Over the years Sierra Leone’s health care system has been affected by many challenges, despite the support it is getting from international partners. The country’s health system continues to face many challenges.
In this light, the Sierra Leone Ministry of Health and Sanitation in collaboration with key stakeholders has concluded a three-day National Health Summit and Recognition Award in Freetown. The theme for the country’s first national health summit was “Transforming Health Service Delivery Towards Universal Health Coverage”.
The three days event brought together health stakeholders at the local and international levels with the aim of identifying the challenges faced by the health sector in the country. Also, discussions with relevant actors on actions that will help transform the health service delivery system, and map out more productive ways for working with partners in the sector to achieve optimal health benefits for the people of Sierra Leone.
Present at the event was the President of Sierra Leone H.E Julius Maada Bio, who in his address thanked development partners, friends, policymakers, and most especially, healthcare workers right across Sierra Leone for believing in, supporting, and working assiduously toward a collective vision of improving health outcomes and providing equitable access to affordable and quality healthcare.
“This year’s theme resonates with my government’s goals set in our manifesto commitments five years ago. It also aligns with the international commitments we have made to work toward Universal Health Coverage and Sustainable Development Goals,” said President Bio.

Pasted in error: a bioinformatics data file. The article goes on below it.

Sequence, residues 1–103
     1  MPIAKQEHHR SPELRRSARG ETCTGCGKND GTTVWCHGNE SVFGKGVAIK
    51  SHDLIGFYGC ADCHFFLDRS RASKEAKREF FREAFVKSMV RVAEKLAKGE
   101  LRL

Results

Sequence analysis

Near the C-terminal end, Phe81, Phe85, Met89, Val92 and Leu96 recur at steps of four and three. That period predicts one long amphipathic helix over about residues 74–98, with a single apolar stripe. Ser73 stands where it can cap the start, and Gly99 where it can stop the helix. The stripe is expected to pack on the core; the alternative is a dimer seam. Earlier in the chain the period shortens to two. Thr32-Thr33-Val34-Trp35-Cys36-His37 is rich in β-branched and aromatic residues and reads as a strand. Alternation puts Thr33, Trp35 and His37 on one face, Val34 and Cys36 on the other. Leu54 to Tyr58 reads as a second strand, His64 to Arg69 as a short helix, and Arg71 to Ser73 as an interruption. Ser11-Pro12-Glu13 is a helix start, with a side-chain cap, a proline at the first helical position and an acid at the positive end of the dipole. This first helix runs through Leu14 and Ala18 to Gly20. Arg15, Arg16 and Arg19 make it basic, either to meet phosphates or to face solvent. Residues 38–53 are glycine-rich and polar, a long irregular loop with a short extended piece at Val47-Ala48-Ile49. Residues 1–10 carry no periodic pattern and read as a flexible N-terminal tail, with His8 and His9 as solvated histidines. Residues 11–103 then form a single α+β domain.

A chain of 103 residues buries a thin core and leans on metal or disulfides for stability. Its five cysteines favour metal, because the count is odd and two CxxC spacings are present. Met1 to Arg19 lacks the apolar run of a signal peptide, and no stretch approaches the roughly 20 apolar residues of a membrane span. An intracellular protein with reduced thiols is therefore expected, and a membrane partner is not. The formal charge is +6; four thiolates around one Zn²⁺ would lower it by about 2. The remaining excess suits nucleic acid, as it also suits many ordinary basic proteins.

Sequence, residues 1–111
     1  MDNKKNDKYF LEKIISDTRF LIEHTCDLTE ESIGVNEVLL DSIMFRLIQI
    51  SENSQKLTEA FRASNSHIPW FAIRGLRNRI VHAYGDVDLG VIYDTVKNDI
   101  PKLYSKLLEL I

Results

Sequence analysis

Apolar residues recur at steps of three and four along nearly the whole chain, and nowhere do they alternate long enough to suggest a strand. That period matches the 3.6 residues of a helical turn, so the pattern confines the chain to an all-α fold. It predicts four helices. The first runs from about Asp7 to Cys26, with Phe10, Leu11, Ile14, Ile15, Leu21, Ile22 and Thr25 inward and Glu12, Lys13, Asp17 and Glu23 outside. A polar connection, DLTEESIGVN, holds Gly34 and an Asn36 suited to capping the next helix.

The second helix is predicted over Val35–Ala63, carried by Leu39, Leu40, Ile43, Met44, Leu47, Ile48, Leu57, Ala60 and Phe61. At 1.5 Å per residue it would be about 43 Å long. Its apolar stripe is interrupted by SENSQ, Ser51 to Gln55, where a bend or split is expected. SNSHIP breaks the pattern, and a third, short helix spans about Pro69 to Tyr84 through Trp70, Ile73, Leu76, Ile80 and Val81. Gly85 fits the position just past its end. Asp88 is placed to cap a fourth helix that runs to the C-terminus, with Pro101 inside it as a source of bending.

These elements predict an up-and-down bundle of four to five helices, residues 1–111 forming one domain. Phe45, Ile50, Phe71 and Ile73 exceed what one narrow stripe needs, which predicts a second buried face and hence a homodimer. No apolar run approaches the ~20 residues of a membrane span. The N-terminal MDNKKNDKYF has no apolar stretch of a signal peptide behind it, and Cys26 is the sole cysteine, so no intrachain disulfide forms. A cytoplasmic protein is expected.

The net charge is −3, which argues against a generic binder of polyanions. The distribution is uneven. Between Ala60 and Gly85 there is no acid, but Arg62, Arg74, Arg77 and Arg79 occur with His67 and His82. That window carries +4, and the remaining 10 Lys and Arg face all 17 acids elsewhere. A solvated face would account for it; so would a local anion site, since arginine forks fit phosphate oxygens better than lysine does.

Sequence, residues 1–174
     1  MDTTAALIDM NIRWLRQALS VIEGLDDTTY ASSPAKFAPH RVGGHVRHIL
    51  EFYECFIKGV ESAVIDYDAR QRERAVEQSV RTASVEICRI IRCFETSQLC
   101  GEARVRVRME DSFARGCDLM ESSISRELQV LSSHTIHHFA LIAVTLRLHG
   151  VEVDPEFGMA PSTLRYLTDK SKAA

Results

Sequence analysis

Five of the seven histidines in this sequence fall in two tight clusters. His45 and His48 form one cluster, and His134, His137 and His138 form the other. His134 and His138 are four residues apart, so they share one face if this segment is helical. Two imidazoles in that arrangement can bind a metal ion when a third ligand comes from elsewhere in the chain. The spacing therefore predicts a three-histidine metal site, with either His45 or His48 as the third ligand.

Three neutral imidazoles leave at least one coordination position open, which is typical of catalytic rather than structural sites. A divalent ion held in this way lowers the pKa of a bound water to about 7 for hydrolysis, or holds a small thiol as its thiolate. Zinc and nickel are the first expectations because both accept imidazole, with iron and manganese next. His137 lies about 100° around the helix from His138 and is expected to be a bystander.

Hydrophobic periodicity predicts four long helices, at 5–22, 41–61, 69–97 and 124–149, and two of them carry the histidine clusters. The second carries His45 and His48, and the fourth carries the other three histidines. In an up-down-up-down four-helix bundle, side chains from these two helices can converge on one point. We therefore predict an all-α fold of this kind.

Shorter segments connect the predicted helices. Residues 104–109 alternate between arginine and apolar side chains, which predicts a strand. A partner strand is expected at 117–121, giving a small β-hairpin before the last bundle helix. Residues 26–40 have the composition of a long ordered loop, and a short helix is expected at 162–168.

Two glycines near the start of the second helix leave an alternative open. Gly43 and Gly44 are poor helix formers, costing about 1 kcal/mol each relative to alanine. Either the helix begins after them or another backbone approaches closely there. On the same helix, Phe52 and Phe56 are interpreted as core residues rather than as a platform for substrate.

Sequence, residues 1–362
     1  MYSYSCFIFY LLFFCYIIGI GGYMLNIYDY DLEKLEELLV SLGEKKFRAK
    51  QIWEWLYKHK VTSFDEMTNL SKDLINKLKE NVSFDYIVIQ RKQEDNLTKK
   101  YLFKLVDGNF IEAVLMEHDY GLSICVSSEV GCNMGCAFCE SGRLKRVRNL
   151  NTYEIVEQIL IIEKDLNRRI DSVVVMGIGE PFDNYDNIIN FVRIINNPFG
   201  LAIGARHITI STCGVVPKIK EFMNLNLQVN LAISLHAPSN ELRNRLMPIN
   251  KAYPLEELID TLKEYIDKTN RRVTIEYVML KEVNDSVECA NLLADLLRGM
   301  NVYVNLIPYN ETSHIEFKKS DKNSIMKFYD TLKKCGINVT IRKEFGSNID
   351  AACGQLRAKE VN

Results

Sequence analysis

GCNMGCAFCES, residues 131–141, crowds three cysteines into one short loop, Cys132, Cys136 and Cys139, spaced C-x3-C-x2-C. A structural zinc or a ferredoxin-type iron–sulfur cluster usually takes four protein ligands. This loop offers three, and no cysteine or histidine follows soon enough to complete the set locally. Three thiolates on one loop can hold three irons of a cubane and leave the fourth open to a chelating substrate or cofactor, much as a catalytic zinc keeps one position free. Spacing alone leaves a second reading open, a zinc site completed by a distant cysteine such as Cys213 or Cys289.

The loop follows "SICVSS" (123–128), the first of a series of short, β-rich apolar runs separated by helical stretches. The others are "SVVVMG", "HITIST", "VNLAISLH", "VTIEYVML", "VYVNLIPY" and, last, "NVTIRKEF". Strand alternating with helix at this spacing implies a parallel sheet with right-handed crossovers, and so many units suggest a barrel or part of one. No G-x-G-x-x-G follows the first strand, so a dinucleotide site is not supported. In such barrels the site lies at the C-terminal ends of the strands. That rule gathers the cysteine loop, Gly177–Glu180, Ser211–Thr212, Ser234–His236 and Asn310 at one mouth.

Dr. Austin Demby, the Minister of Health and Sanitation in his address to the audience said the country’s health system had an attractive structure with about 85% of the population within a five-kilometer distance of a health facility, saying that hospital services remained central and critical to the attainment of Universal Health Coverage, UHC, which was about leaving no one behind and providing timely, appropriate, and high-quality services at an affordable price for every citizen.
“Implementing the life stages approach to achieving UHC will ultimately lead to accelerated gains in the country’s Human Capital Development. The ministry wants to reduce the maternal mortality rate from 717 to 300/100,000 live births, reduce the infant mortality rate from 75 to 28/1000 live births, reduce the adolescent birth rate from 102 to 50/1000 live births, and increase life expectancy from 54-58 years,” said Dr. Demby.
On the second day of the summit, stakeholders held strategic and leadership meetings and open panel discussions on key areas of interest in the health sector. In this session, they highlighted key achievements, challenges, and opportunities in the country’s health service delivery.
Dr. Demby, later on, launched the country’s Primary Health Care Operational Handbook and the Maternal and Child Health Handbook, two essential documents that cover all the questions, answers, and guidelines needed to know more about primary health care and maternal health.
Other key stakeholders present at the event include the United Nations Resident Coordinator in Sierra Leone, Dr. Babatunde Ahonsi, ICAP Sierra Leone Director Dr. Mam Toure, U.S Ambassador David Reimer, representatives from WHO, World Bank, CDC, and many others.
However, ICAP under the leadership of Dr. Toure in Sierra Leone has been an integral partner with the Ministry of Health and Sanitation and has played an important role in revamping the country’s health sector. They have helped in the introduction of PrEP in Sierra Leone which will play a significant role in reducing the rate of HIV/AIDS infections, trained health workers in different essential skills, collaborated with other partners to facelift and commission five clinical simulation laboratories across the midwifery and nursing schools in Freetown, Makeni Bo and Kenema respectfully.